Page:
- March 22, 2019
- Posted by: Josiah Hincks Solicitors
- Category: Legal News, News
When contractual relationships break down, there is often a dispute over which side committed a repudiatory breach, or breaches, thus entitling the other to terminate the contract and claim damages. The High Court confronted just such an issue in a case concerning dealings between an IT company and a food manufacturer.
By a simple two-page contract, the company agreed to supply software and certain services to the manufacturer. Difficulties quickly arose, however, and the project was suspended for a year. In the event, it never restarted. There was no dispute that the contract had been terminated by one side or the other, but each claimed that that had arisen due to the other’s repudiatory breach or breaches.
Ruling on the matter, the Court found that the manufacturer had failed to cooperate with the company’s attempts to resume the project. Although the manufacturer had not expressly renounced the contract, it had, by its words or conduct, evinced an intention to abandon the project and not to perform its contractual obligations.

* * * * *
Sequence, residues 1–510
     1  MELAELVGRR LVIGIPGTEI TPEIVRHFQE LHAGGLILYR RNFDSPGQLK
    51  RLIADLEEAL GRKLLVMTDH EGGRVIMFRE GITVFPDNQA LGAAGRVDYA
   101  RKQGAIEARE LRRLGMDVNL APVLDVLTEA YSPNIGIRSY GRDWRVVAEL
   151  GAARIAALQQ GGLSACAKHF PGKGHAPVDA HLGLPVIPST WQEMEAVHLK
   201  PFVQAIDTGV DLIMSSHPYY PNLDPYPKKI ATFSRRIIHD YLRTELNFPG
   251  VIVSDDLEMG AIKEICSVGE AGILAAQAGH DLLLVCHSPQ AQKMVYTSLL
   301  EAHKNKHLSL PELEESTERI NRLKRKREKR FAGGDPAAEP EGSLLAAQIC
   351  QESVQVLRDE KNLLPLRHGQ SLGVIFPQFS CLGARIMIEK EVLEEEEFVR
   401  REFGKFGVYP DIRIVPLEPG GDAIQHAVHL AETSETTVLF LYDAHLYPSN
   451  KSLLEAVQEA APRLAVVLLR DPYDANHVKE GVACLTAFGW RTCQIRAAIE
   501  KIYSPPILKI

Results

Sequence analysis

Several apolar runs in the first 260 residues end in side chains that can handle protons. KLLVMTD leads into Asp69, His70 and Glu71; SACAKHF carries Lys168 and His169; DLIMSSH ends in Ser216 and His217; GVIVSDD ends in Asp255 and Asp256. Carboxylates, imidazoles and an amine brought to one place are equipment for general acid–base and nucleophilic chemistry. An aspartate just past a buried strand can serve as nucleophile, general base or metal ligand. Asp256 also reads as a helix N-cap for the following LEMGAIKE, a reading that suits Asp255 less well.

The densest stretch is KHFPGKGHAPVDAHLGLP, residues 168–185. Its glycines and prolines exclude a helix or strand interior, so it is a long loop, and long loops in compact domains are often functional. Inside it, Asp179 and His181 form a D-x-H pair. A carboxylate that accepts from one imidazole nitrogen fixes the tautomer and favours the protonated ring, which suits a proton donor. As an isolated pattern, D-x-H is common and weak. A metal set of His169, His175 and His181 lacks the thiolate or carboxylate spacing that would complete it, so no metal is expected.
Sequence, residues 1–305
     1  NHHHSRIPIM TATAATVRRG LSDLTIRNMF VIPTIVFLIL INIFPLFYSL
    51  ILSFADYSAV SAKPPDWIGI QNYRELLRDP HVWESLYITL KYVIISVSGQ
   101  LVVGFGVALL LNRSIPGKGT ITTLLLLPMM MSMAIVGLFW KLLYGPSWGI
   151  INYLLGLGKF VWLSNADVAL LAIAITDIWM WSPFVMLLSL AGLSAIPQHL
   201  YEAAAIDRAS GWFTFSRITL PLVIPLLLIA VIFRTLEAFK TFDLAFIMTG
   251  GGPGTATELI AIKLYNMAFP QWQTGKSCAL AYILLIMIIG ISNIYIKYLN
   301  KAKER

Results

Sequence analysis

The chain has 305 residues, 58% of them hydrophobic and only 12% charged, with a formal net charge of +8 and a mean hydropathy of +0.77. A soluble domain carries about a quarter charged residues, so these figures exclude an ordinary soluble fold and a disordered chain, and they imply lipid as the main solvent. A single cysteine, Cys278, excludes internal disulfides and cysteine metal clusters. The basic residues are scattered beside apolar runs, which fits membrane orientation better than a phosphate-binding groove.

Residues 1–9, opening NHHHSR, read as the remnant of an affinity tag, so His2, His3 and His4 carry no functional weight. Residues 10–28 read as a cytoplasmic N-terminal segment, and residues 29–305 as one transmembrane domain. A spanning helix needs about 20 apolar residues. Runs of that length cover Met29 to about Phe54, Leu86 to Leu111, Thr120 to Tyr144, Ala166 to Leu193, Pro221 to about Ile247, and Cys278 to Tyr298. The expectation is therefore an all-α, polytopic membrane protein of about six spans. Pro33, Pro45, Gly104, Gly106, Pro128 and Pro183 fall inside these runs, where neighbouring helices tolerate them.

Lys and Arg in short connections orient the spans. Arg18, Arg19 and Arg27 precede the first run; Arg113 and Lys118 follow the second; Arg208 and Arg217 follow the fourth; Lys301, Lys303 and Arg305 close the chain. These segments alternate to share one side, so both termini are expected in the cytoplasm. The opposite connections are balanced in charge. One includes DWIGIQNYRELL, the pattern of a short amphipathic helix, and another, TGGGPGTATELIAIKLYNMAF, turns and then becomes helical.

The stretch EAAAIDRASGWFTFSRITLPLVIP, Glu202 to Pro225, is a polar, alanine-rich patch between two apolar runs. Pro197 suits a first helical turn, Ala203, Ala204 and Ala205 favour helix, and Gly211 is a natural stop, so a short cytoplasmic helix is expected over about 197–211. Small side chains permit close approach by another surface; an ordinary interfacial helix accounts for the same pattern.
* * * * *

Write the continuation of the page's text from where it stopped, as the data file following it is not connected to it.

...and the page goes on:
As the manufacturer had committed a repudiatory breach, the company was free to terminate the contract, and did so by a solicitor’s letter. The ruling meant that the company was entitled to damages reflecting its losses arising from the breach. The amount of the award would be assessed at a further hearing.